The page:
Aussie attitudes towards Australia Day complex, despite majority support for current date

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A new survey via the Social Research Centre’s Life in Australia™ research panel reveals that despite a clear majority of Australians wanting Australia Day to remain on 26 January, attitudes towards the public holiday are complex and nuanced.

While 70 percent of Australians think the current date should stay put, 45 percent believe the date is offensive to Indigenous Australians. Even among those who agree with holding Australia Day on 26 January, some 29 percent still acknowledge the offensiveness of the date.

For those who want to see the date changed, the most popular alternative is Reconciliation Day on 27 May (nominated by 24%), followed by Federation Day on 1 January (18%).

CEO of the Social Research Centre and survey report co-author Darren Pennay, believes there are other factors at play when it comes to Australians’ strong support for 26 January.

“One school of thought suggests that Australians place a high value on the current date because it is an important marker in the calendar and the last summer public holiday before the school year starts again,” Pennay says.

This view is supported by an earlier national poll revealing that the three words Australians most commonly associate with Australia Day are “barbeque,” “celebration” and “holiday.”

“For some people, the desirability of an end of January public holiday – and the lack of an alternative date around the same time of year – seems to outweigh the offence caused to Aboriginal and Torres Strait Islanders,” says Pennay.

The survey also explores which aspects of Australia’s culture and heritage are thought to be most strongly associated with Australia Day celebrations on 26 January.

It finds two-thirds (68%) of Australians agree that having our national day on 26 January celebrates our British culture and heritage; 63% believe that the current timing is a celebration of our democracy and system of government; and 58% believe that the current arrangements celebrate the contribution of all immigrants to Australia; but only a minority (40%) believe that 26 January celebrates our Aboriginal and Torres Strait Islander culture and heritage.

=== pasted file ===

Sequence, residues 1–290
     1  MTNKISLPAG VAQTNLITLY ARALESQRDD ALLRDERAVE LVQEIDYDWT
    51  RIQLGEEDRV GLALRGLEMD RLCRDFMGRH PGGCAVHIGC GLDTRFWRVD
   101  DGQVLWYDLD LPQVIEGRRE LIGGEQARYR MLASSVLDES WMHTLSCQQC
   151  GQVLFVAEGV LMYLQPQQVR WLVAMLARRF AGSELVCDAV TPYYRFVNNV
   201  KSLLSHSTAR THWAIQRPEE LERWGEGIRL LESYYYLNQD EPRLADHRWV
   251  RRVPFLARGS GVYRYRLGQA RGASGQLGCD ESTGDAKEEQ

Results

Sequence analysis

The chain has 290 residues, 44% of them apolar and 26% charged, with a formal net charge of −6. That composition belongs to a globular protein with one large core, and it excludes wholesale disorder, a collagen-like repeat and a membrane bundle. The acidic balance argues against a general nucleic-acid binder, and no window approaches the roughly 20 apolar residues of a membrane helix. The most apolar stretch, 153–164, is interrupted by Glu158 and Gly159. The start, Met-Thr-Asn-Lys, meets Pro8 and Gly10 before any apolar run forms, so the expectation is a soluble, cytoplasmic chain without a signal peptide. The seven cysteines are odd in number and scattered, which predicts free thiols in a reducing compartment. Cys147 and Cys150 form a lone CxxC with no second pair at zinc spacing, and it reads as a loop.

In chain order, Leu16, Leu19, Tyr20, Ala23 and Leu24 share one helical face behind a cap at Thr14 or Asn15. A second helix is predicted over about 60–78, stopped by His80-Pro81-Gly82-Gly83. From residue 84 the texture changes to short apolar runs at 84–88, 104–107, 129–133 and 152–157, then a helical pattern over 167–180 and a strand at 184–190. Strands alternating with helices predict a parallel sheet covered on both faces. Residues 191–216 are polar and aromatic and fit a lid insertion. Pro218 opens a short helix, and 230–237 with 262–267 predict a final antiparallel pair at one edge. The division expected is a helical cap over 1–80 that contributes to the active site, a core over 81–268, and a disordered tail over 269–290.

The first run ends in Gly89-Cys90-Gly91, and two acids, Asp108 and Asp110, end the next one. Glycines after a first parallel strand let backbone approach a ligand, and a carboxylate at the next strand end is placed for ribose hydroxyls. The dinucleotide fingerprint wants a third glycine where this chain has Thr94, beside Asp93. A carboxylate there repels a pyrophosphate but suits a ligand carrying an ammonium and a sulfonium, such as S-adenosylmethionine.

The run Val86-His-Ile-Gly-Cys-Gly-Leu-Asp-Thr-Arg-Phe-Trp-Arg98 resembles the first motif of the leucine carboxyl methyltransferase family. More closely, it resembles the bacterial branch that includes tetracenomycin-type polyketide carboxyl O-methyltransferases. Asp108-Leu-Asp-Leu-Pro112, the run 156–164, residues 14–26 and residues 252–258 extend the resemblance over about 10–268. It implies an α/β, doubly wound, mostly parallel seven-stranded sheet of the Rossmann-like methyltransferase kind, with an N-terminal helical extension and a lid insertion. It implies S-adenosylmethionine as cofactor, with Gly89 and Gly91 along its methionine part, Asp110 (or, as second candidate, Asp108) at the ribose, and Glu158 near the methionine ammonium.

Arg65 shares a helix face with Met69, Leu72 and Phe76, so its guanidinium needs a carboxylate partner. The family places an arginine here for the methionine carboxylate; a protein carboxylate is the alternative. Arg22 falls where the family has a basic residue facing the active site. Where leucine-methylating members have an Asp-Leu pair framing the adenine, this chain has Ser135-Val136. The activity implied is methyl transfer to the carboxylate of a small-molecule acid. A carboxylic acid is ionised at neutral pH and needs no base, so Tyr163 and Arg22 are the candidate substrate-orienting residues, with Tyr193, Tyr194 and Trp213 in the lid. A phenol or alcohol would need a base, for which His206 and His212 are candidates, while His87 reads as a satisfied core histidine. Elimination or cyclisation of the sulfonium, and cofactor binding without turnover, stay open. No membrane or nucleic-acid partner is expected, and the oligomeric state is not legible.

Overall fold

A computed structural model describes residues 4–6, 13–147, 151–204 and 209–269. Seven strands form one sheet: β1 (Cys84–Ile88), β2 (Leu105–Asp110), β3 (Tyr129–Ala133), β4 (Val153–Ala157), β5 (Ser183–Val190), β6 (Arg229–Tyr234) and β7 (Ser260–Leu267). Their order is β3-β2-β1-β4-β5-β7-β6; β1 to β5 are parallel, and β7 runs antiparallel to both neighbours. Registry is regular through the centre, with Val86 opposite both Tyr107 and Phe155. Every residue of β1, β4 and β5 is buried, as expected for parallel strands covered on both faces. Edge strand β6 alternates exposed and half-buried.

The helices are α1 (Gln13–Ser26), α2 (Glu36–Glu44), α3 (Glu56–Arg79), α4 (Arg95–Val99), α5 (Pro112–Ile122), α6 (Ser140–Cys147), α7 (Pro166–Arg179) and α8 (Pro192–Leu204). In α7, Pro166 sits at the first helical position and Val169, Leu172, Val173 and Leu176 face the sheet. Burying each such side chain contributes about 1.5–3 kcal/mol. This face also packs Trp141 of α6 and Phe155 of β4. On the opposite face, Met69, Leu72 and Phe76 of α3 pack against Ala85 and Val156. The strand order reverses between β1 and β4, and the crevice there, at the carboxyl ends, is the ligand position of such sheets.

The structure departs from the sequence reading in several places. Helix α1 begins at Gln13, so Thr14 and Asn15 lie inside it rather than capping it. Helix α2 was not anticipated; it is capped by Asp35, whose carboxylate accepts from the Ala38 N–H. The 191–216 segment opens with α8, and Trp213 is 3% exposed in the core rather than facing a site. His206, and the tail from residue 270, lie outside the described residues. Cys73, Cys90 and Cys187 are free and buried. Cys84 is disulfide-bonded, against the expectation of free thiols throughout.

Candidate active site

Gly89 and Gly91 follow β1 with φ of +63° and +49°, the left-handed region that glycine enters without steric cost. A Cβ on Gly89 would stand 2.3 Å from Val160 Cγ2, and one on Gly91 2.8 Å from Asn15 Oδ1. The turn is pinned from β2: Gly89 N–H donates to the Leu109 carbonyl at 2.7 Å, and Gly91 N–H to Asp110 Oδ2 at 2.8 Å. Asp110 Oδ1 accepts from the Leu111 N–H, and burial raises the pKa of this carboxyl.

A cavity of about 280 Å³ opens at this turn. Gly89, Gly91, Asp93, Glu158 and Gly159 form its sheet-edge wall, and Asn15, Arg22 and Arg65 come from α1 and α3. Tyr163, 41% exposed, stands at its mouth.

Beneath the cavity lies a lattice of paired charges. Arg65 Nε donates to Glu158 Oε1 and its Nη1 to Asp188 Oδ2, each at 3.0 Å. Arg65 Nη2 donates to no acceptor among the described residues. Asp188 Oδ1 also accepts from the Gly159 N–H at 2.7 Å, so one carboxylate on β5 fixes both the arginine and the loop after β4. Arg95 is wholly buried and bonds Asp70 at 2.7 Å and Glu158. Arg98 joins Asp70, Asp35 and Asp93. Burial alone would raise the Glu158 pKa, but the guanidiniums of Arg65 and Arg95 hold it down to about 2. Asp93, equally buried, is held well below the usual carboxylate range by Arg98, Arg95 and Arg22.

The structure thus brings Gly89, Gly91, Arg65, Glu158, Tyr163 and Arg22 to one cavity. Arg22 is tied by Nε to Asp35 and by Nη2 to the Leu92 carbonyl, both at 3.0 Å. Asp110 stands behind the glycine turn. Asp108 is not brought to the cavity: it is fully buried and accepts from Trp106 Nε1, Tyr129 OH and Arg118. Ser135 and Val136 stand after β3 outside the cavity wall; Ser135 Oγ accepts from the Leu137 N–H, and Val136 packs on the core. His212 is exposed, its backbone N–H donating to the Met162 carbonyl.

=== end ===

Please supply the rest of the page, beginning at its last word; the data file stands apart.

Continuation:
Just one in four (24%) agreed with all four positions – that the current arrangement successfully celebrates our British history, migrant contribution, democracy, and our Aboriginal and Torres Straits Islander heritage.

“There is an acknowledgement that when it comes to being seen as inclusive of Indigenous Australians, current celebrations have some way to go,” Pennay says.

“With both major parties declaring that the date of Australia Day won’t be moving any time soon, the combination of attitudes uncovered in this survey seem likely to ensure that the day remains one of disagreement and debate,” he finishes.

Life in Australia™ is owned and operated by the Social Research Centre. It is Australia’s only probability-based online panel and one of only several such panels in the world.

The full survey report, is available at BBQs and Black Armbands.

Other key survey findings:
● In terms of sociodemographic characteristics, support for 26 January increases with age being notably lower for the younger generations at 47% and 58% for GenZ and Millennials respectively, increasing to 73% for GenX and 80% amongst Baby Boomers. Amongst the Silent Generation support for 26 January was nearly unanimous (90%).
● Support for 26 January was relatively low among those with a university degree (55%) compared to those without (75%). In terms of geography, support was highest in Western Australia (83%) and lowest in Victoria (65%) and higher in the regions (78%) compared to our capital cities (66%).
● There are also stark differences in the level of support for 26 January as the best day for our national day of celebration by party political affiliation. Support is highest amongst Coalition (85%) and One Nation (94%) supporters compared with 62% among Labor supporters and just 38% among Greens.

 
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